### 4.2.5 Non-homogenous constraints¶

Every constraint of the form

where \(\sum_i\alpha_i< \beta\) and \(\alpha_i>0\) is equivalent to

with \(s=1-\sum_i\alpha_i/\beta\).

## 4.3 Power cone case studies¶

### 4.3.1 Portfolio optimization with market impact¶

Let us go back to the Markowitz portfolio optimization problem introduced in Sec. 3.3.3 (Markowitz portfolio optimization), where we now ask to maximize expected profit subject to bounded risk in a long-only portfolio:

In a realistic model we would have to consider transaction costs which decrease the expected return. In particular if a really large volume is traded then the trade itself will affect the price of the asset, a phenomenon called *market impact*. It is typically modeled by decreasing the expected return of \(i\)-th asset by a slippage cost proportional to \(x^\beta\) for some \(\beta>1\), so that the objective function changes to

A popular choice is \(\beta=3/2\). This objective can easily be modeled with a power cone as in Sec. 4.2 (Sets representable using the power cone):

In particular if \(\beta=3/2\) the inequality \(t_i\geq x_i^{3/2}\) has conic representation \((t_i,1,x_i)\in \POW_3^{2/3,1/3}\).

### 4.3.2 Maximum volume cuboid¶

Suppose we have a convex, conic representable set \(K\subseteq\real^n\) (for instance a polyhedron, a ball, intersections of those and so on). We would like to find a maximum volume axis-parallel cuboid inscribed in \(K\). If we denote by \(p\in\real^n\) the leftmost corner and by \(x_1,\ldots,x_n\) the edge lengths, then this problem is equivalent to

where the last constraint states that all vertices of the cuboid are in \(K\). The optimal volume is then \(v=t^n\). The geometric mean cone \(\GM^{n+1}\) can be used for the volume maximization constraint.

Maximizing the volume of an arbitrary (not necessarily axis-parallel) cuboid inscribed in \(K\) is no longer a convex problem. However, it can be solved by maximizing the solution to (4.12) over all sets \(T(K)\) where \(T\) is a rotation (orthogonal matrix) in \(\real^n\). In practice one can approximate the global solution by sampling sufficiently many rotations \(T\) or using more advanced methods of optimization over the orthogonal group.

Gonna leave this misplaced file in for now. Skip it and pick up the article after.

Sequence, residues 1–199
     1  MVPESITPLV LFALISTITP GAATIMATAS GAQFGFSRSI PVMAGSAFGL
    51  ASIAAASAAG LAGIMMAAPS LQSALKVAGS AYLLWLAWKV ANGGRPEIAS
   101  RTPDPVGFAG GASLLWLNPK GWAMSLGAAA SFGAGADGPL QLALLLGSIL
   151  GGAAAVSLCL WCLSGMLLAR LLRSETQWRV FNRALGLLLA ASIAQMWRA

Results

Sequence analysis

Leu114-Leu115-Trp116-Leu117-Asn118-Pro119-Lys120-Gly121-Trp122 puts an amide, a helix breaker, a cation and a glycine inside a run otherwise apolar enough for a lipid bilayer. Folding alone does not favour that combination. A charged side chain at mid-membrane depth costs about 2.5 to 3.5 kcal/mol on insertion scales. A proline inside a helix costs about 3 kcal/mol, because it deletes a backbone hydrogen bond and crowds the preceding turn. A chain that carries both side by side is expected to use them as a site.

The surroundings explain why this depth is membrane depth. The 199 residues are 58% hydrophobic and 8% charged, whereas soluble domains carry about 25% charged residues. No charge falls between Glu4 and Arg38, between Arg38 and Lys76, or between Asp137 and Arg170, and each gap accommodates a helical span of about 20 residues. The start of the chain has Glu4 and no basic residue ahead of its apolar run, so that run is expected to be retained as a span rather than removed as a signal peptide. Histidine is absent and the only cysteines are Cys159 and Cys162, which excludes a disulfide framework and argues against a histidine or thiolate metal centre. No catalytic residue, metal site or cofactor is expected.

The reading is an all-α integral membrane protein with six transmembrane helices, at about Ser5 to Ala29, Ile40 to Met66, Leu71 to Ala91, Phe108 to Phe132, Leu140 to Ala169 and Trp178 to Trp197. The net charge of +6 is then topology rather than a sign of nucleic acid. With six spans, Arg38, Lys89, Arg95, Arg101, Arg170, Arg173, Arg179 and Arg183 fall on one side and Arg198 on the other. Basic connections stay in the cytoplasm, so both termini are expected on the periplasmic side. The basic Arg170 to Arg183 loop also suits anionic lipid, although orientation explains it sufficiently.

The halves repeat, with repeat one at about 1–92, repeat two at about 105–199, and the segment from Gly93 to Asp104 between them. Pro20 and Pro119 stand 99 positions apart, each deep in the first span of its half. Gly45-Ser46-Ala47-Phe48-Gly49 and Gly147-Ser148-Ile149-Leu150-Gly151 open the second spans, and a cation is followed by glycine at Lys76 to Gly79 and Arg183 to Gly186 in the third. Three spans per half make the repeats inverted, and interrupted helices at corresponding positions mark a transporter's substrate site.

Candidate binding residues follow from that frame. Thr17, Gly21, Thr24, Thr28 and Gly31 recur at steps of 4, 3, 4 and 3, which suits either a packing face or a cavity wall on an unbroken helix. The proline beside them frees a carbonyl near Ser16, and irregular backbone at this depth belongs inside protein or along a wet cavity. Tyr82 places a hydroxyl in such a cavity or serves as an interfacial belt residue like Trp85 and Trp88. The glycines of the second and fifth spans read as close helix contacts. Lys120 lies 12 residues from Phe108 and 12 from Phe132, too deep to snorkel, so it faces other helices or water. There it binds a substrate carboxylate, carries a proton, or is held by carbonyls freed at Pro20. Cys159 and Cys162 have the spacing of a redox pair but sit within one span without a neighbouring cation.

### 4.3.3 \(p\)-norm geometric median¶

The *geometric median* of a sequence of points \(x_1,\ldots,x_k\in\real^n\) is defined as

that is a point which minimizes the sum of distances to all the given points. Here \(\|\cdot\|\) can be any norm on \(\real^n\). The most classical case is the Euclidean norm, where the geometric median is the solution to the basic facility location problem minimizing total transportation cost from one depot to given destinations.

For a general \(p\)-norm \(\|x\|_p\) with \(1\leq p<\infty\) (see Sec. 4.2.2 (p-norm cones)) the geometric median is the solution to the obvious conic problem:

In Sec. 4.2.2 (p-norm cones) we showed how to model the \(p\)-norm bound using \(n\) power cones.

The *Fermat-Torricelli point* of a triangle is the Euclidean geometric mean of its vertices, and a classical theorem in planar geometry (due to Torricelli, posed by Fermat), states that it is the unique point inside the triangle from which each edge is visible at the angle of \(120^\circ\) (or a vertex if the triangle has an angle of \(120^\circ\) or more). Using (4.13) we can compute the \(p\)-norm analogues of the Fermat-Torricelli point. Some examples are shown in Fig. 4.3.

### 4.3.4 Maximum likelihood estimator of a convex density function¶

In [TV98] the problem of estimating a density function that is know in advance to be convex is considered. Here we will show that this problem can be posed as a conic optimization problem. Formally the problem is to estimate an unknown convex density function \(g : \R_+ \rightarrow \R_+\) given an ordered sample \(y_1 < y_2 < \ldots < y_n\) of \(n\) outcomes of a distribution with density \(g\).

The estimator \(\tilde g \geq 0\) is a piecewise linear function

with break points at \((y_i, x_i)\), \(i = 1, \ldots , n\), where the variables \(x_i > 0\) are estimators for \(g(y_i)\). The slope of the \(i\)-th linear segment of \(\tilde g\) is

Hence the convexity requirement leads to the constraints

Recall the area under the density function must be 1. Hence,

must hold. Therefore, the problem to be solved is

Maximizing \(\prod_{i=1}^n x_i\) or the geometric mean \((\prod_{i=1}^n x_i)^\frac{1}{n}\) will produce the same optimal solutions. Using that observation we can model the objective with the geometric mean cone \(\GM^{n+1}\). Alternatively, one can use as objective \(\sum_i\log{x_i}\) and model it using the exponential cone as in Sec. 5.2 (Modeling with the exponential cone).